Pipestone Quarry

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Band of Dakota Indians at the Pipestone Quarry, Pipestone County, Minnesota.

This circa 1905 image shows a group of Dakota women and men taking a break from quarrying chanunpa in’yan (pipestone) at what today is Pipestone National Monument in southwestern Minnesota. Pipestone, also called catlinite (named after American artist George Catlin, who painted a canvas of the area in 1836,) is a soft red rock that is traditionally used for carving pipe bowls. Like the Anishinaabe tradition of wild ricing, pipestone has religious origins for Dakota people – it’s said to have been made from the flesh and blood of the ancestral Dakota who did not survive a great flood. From the archaeological record, it’s known that Dakota people have quarried the stone since at least 1200 AD. The quarry is presently part of Pipestone National Monument, and the stone protected – only members of Federally-recognized tribes may quarry it.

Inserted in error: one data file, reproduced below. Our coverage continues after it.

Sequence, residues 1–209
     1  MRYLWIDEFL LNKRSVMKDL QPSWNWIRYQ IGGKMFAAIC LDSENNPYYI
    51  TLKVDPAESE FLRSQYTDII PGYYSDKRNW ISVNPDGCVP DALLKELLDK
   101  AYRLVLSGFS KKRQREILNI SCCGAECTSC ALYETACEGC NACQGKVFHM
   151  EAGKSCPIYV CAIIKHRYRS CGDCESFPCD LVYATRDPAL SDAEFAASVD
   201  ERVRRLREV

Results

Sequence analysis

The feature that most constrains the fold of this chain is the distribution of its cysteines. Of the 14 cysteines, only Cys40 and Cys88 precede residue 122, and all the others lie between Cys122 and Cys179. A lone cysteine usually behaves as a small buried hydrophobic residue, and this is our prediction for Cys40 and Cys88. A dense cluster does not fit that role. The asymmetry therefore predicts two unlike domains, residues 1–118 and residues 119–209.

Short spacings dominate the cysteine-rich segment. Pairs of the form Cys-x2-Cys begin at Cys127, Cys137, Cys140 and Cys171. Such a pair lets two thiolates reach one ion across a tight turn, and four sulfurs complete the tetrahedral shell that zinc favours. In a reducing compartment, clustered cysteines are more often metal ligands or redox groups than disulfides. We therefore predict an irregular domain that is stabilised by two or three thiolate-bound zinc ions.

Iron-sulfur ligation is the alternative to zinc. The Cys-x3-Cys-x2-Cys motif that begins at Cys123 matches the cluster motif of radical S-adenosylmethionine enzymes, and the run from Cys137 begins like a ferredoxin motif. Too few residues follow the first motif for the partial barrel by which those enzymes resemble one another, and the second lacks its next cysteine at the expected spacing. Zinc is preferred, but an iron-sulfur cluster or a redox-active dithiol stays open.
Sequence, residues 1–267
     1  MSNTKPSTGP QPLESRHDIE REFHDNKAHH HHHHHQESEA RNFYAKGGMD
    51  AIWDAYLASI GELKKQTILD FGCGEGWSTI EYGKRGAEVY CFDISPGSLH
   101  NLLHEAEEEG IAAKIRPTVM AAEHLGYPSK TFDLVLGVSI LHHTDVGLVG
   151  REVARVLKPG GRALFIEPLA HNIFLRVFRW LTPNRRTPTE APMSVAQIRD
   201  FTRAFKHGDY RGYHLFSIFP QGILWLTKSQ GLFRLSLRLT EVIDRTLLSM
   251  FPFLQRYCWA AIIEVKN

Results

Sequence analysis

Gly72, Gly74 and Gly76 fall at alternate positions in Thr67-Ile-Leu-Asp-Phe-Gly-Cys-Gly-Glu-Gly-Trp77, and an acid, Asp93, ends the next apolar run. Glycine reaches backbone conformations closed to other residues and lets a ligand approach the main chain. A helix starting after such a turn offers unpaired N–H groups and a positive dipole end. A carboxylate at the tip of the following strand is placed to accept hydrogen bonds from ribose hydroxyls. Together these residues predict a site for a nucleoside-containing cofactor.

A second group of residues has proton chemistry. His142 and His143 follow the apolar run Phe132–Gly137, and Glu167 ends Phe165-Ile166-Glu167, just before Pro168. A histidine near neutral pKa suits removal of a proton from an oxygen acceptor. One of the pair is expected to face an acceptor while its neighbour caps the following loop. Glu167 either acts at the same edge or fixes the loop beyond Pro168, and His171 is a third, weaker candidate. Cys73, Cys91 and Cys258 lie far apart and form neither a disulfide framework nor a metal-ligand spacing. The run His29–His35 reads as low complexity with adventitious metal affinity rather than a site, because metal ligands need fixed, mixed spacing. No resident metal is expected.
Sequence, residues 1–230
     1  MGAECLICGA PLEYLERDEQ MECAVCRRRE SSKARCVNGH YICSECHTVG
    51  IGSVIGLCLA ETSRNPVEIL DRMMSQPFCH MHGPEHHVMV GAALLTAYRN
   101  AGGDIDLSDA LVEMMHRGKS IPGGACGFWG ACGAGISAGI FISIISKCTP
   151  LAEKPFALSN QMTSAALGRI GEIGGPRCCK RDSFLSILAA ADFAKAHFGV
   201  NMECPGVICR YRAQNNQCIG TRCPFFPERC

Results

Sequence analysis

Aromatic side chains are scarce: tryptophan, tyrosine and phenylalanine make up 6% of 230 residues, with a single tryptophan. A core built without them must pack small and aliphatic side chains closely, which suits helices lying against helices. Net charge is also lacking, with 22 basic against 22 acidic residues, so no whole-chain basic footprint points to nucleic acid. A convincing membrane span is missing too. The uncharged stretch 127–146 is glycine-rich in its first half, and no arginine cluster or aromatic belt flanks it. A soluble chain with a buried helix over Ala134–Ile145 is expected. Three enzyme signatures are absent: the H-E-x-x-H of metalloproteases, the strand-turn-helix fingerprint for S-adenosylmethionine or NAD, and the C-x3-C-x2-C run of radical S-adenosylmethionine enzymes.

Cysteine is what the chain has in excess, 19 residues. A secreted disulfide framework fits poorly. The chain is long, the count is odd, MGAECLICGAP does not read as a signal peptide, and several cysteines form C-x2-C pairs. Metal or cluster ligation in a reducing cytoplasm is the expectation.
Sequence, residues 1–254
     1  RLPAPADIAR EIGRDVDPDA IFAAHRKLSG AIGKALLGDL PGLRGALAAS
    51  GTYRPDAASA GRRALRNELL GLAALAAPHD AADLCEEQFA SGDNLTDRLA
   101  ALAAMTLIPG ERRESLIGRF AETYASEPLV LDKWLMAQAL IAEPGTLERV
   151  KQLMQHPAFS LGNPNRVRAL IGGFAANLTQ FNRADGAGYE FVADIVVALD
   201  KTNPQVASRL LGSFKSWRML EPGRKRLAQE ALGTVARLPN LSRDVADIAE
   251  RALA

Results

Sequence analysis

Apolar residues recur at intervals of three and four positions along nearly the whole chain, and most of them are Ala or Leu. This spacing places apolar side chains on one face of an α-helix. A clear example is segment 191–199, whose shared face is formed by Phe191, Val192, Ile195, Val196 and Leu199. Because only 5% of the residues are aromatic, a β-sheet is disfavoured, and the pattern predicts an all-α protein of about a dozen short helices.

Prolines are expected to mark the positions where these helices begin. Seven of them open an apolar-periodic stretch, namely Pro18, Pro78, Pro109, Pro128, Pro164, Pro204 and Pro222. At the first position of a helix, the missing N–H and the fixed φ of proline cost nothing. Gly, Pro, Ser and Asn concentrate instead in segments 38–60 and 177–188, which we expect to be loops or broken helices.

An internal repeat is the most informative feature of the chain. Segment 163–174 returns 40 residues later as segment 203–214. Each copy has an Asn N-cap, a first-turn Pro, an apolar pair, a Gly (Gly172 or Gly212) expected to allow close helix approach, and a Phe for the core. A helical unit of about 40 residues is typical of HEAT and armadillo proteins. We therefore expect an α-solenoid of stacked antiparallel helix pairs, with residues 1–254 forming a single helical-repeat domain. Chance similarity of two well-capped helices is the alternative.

By the mid-1800s changes could be seen in even the most traditional of Native art forms. While the most common form of catlinite pipe on the eastern Plains is a simple “elbow” shape, there is a long tradition of elaborately carved pipe bowls, particularly those in the form of horses. This circa 1860 pipe is, however, unique in its subject matter – that of a Civil War-era American soldier in a short-brimmed cap, piped jacket and pants, and fitted boots. The ferrule is delicately inlaid with lead in a cross-hatched pattern that is echoed in both the figure’s boots and hat.